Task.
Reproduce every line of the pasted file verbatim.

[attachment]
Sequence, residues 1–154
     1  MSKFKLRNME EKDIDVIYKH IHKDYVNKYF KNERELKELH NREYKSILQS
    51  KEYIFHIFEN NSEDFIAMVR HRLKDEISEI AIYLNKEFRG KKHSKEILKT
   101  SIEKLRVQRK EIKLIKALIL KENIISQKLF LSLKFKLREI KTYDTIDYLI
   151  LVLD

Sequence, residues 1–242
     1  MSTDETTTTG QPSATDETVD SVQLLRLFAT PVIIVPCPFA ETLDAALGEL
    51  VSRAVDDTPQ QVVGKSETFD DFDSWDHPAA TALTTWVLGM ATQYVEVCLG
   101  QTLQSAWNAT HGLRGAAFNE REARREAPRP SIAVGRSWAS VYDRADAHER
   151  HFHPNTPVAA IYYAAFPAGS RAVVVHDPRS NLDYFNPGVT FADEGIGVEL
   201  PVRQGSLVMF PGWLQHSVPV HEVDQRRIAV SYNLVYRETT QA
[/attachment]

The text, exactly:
Sequence, residues 1–154
     1  MSKFKLRNME EKDIDVIYKH IHKDYVNKYF KNERELKELH NREYKSILQS
    51  KEYIFHIFEN NSEDFIAMVR HRLKDEISEI AIYLNKEFRG KKHSKEILKT
   101  SIEKLRVQRK EIKLIKALIL KENIISQKLF LSLKFKLREI KTYDTIDYLI
   151  LVLD

Sequence, residues 1–242
     1  MSTDETTTTG QPSATDETVD SVQLLRLFAT PVIIVPCPFA ETLDAALGEL
    51  VSRAVDDTPQ QVVGKSETFD DFDSWDHPAA TALTTWVLGM ATQYVEVCLG
   101  QTLQSAWNAT HGLRGAAFNE REARREAPRP SIAVGRSWAS VYDRADAHER
   151  HFHPNTPVAA IYYAAFPAGS RAVVVHDPRS NLDYFNPGVT FADEGIGVEL
   201  PVRQGSLVMF PGWLQHSVPV HEVDQRRIAV SYNLVYRETT QA